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Overpopulation is a racist argument against climate change

Overpopulation is a racist argument against climate change…and it’s designed to distract you.

On the day when we learnt news that shocked *literally nobody* – rich people hate paying taxes, and the slightly more shocking news that Donald Trump paid $70,000 for his hair to look like that…

It’s disappointing to see that news closer to home is yet again relying on eco-fascist arguments to give airtime to the climate emergency.


Sir David Attenborough broke records this week when he joined Instagram, ahead of his upcoming book and series “A Life on Our Planet”, and the book publicity has well and truly begun as he took to BBC Breakfast this morning.

Of course, much of what he said made sense. We should all be treating the natural world as if it is precious, because it is. And we all have a responsibility to do something.

He even challenged the familiar “what about China?” question so many people use to absolve themselves from taking any action, to point out that there are a lot of interesting developments happening in the complex country the world seems to use as climate scapegoat. (That’s a blog post for another day).

Unfortunately though, Sir David blames the fact that “we’ve overrun the planet” and encourages everyone not to waste – as if individual action will solve the climate crisis.

And that’s where I have to disagree with him.

Overpopulation is a racist argument against climate change. It rarely comes up in conversation without thinly veiled views on which populations should be reduced. And even if it is discussed by well-meaning environmentalists, it’s steeped in colonialism and fails to acknowledge the power imbalance of carbon emissions.

It’s true that our global population is increasing, the amount of habitable land is decreasing, and we’re facing more food insecurity and resource scarcity.

But the overpopulation argument suggests that developing countries are killing the planet, when actually they are the least responsible (and facing the most dangerous impacts).

Half of the world’s population – 3.5 billion people – is responsible for just 10 % of global carbon emissions.

Around one sixth of the world’s population is so poor that it produces no significant emissions at all.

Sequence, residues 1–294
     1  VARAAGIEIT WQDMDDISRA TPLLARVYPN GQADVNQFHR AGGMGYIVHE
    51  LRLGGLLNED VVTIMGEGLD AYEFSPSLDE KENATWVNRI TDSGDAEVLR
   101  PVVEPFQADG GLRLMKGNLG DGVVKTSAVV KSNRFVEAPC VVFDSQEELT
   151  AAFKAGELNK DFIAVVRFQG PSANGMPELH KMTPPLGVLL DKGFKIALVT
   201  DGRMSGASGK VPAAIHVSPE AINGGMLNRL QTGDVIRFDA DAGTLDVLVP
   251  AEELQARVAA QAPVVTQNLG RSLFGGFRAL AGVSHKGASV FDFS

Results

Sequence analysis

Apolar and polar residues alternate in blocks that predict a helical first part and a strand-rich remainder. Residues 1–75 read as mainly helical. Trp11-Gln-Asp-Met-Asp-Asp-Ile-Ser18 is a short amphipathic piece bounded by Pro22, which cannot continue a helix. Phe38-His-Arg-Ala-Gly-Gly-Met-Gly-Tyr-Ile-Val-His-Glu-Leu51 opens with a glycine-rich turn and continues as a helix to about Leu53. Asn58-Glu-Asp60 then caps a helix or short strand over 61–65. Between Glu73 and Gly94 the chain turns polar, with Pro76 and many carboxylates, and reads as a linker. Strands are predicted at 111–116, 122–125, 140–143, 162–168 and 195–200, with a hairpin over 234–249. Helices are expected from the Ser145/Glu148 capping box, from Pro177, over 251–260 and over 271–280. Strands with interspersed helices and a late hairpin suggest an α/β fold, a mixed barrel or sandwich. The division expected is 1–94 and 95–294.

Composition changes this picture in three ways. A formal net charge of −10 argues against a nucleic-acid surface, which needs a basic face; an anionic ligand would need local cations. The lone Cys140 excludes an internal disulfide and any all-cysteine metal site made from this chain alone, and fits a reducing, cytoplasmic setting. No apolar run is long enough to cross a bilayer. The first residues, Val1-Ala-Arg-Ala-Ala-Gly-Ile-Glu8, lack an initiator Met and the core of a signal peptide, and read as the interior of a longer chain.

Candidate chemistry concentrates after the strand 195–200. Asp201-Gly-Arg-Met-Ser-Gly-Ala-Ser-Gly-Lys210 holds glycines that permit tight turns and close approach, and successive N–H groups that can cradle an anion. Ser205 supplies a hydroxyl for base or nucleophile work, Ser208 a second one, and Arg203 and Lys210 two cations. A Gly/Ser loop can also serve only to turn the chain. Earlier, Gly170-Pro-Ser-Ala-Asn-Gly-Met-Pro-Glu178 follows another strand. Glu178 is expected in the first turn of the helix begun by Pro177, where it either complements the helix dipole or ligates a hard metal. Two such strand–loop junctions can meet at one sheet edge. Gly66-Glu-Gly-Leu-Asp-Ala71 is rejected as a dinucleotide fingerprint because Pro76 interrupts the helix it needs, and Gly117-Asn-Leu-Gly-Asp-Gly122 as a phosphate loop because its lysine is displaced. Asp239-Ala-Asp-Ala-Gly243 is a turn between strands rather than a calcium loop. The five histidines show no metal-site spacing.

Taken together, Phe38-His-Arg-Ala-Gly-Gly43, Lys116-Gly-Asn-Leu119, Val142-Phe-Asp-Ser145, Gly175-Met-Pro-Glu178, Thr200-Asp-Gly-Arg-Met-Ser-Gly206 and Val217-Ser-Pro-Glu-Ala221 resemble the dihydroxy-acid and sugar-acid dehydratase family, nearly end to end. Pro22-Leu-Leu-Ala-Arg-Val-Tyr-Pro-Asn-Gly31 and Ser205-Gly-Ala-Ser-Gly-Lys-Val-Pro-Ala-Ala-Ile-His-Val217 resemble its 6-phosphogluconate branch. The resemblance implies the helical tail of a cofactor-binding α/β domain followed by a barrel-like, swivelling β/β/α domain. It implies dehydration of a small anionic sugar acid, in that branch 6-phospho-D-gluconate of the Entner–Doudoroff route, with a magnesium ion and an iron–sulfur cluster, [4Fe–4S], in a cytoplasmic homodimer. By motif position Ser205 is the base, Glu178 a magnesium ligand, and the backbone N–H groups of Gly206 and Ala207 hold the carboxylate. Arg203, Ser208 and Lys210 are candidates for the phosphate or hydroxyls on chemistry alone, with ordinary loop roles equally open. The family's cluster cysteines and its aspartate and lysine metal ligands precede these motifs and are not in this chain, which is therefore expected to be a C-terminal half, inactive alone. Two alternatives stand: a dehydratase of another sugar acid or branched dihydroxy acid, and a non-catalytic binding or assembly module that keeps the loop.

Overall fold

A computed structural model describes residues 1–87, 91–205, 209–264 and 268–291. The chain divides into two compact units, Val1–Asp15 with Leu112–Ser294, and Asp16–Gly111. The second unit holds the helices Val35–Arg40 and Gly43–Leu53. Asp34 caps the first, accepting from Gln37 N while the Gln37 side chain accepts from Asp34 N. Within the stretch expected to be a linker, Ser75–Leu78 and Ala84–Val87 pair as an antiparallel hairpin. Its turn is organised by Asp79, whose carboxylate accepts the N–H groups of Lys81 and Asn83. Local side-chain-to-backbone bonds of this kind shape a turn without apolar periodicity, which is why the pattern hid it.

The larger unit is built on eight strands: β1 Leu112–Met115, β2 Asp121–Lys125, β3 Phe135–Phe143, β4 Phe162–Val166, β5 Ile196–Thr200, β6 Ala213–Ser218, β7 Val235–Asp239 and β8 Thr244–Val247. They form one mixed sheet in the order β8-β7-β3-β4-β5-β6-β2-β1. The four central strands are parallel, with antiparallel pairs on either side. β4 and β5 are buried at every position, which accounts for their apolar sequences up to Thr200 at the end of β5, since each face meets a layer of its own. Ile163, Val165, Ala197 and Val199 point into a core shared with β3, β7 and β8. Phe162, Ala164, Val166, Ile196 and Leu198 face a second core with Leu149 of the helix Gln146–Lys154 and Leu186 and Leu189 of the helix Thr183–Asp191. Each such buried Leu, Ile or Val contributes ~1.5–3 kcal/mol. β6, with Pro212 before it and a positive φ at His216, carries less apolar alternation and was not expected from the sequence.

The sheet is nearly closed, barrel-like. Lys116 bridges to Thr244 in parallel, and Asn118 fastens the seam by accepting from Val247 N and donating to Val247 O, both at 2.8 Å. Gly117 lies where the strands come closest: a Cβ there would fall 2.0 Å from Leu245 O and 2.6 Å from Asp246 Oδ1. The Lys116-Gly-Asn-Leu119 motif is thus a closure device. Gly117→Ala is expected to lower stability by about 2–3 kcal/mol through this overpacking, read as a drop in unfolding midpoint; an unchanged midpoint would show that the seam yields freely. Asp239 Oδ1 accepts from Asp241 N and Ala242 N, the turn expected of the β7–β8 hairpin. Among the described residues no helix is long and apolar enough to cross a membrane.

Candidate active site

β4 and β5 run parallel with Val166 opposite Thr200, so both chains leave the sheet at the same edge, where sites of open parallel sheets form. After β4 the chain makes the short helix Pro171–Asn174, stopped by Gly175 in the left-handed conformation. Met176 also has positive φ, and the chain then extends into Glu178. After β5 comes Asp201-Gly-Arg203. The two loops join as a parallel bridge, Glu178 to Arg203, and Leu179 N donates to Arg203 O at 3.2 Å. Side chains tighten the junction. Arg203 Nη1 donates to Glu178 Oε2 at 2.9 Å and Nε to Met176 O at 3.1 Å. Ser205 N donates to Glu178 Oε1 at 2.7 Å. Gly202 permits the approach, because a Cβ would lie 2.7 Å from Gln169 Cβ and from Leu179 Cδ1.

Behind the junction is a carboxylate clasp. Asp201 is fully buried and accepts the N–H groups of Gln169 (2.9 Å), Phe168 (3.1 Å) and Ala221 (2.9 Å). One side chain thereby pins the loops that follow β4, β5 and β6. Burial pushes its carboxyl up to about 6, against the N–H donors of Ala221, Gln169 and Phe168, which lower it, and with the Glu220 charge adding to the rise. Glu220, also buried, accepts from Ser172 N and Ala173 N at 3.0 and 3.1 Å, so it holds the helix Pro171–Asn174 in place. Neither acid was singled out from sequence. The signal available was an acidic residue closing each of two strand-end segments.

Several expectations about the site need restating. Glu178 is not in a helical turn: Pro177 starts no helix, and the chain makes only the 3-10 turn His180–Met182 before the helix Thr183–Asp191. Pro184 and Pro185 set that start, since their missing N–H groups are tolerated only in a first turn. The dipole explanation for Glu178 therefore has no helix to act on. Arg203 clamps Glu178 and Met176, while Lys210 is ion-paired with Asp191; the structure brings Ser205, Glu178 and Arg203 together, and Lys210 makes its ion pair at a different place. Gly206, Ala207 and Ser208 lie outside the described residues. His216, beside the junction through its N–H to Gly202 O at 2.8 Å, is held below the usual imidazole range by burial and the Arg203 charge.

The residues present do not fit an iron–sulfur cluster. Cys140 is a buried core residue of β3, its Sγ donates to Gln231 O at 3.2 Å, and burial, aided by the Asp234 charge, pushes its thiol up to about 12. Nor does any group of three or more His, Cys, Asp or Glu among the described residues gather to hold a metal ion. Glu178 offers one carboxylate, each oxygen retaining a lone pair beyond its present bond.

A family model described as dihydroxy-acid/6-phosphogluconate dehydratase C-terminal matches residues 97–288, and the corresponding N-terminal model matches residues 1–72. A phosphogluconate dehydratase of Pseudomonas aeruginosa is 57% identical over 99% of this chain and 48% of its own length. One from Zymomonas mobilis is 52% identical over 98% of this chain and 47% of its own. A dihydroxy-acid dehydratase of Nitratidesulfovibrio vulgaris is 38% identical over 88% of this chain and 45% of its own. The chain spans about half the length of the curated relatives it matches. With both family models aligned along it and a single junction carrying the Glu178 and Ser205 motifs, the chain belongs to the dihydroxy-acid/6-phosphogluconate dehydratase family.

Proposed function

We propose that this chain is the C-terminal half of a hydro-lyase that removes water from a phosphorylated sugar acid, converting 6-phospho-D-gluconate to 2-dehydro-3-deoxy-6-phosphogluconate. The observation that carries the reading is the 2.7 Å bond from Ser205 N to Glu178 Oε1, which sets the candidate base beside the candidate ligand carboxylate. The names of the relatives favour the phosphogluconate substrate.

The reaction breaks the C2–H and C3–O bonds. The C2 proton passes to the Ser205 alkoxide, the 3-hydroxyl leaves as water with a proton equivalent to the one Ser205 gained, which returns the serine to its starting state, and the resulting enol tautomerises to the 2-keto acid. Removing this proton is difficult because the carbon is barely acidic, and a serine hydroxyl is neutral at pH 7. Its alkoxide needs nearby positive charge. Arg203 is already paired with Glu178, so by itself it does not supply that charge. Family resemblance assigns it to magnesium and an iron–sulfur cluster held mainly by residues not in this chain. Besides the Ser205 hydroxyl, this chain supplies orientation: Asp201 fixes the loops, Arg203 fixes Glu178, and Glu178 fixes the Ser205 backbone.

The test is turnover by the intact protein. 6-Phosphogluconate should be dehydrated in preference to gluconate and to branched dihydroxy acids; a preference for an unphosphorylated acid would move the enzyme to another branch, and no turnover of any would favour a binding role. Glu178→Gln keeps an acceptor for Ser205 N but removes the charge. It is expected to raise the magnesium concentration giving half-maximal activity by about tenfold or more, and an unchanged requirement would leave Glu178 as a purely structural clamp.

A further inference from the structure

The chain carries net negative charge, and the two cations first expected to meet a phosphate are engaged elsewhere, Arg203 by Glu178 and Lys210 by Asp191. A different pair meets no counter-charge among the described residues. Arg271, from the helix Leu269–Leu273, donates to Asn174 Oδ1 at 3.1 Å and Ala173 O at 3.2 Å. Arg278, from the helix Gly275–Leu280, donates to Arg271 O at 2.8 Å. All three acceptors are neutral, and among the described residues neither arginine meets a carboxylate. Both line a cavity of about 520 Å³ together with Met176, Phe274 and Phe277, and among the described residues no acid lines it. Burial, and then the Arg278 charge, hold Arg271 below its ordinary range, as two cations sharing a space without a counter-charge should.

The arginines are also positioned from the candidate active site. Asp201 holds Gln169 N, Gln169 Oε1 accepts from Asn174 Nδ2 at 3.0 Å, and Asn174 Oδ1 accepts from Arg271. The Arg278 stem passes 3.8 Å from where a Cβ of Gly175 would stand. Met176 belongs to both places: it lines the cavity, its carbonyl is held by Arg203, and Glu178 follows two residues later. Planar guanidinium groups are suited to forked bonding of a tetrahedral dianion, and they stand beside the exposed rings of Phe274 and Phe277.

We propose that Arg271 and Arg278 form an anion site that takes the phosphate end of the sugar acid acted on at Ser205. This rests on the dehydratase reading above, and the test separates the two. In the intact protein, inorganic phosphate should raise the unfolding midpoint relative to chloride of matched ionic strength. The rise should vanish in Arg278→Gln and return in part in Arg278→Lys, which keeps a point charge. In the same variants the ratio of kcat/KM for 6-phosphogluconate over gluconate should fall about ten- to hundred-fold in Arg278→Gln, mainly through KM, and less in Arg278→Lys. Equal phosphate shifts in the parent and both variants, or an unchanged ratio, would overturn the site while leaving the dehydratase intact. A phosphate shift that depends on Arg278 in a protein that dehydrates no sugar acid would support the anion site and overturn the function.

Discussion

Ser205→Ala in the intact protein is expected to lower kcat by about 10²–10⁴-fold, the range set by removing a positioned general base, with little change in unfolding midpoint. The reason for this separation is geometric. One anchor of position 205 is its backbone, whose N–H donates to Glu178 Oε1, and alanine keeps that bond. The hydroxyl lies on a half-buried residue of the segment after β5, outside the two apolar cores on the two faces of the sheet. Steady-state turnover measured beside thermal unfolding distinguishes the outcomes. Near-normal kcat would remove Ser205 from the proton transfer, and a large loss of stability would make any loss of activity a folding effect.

In contrast, someone in the richest 1% of the world’s population uses 175 times more carbon on average than someone from the bottom 10%.

And many of the carbon emissions coming from developing countries are caused by factories making goods for wealthy western consumers, or from deforestation and agriculture involved in producing food for export. So technically, as the end consumers, we should be responsible for those emissions as well.

The problem is inequality, not overpopulation.

Wealthy people have a disproportionate negative impact on the planet. Being wealthy doesn’t just mean higher levels of consumption. It also gives you more political influence. The rich fund political parties and campaigns, have control over corporations and access to law makers and lobbyists. The wealthy hold power over the businesses and industries which produce the majority of carbon emissions and exploit the majority of natural resources.

The wealthiest 1% is made up of a select group of billionaires who have made their fortunes from the carbon-intensive fossil fuel industry and are directly responsible, through consumption or control, for the majority of the world’s emissions.

And because they’re profiting from climate change, they continue to invest in advertising, infrastructure and policies that prevent meaningful emissions reductions or zero carbon transitions.

The problem with both the overpopulation and the overconsumption arguments is that they push responsibility back to the individual to “make the right choice”. But the individual is operating within the constraints of a unfair system where they are at a disadvantage.

And while we’re busy blaming each other for taking that flight, eating that steak, or even having an extra child, we’re not challenging those that hold power, which is why we’re struggling to save the planet – even when we stop wasting things.

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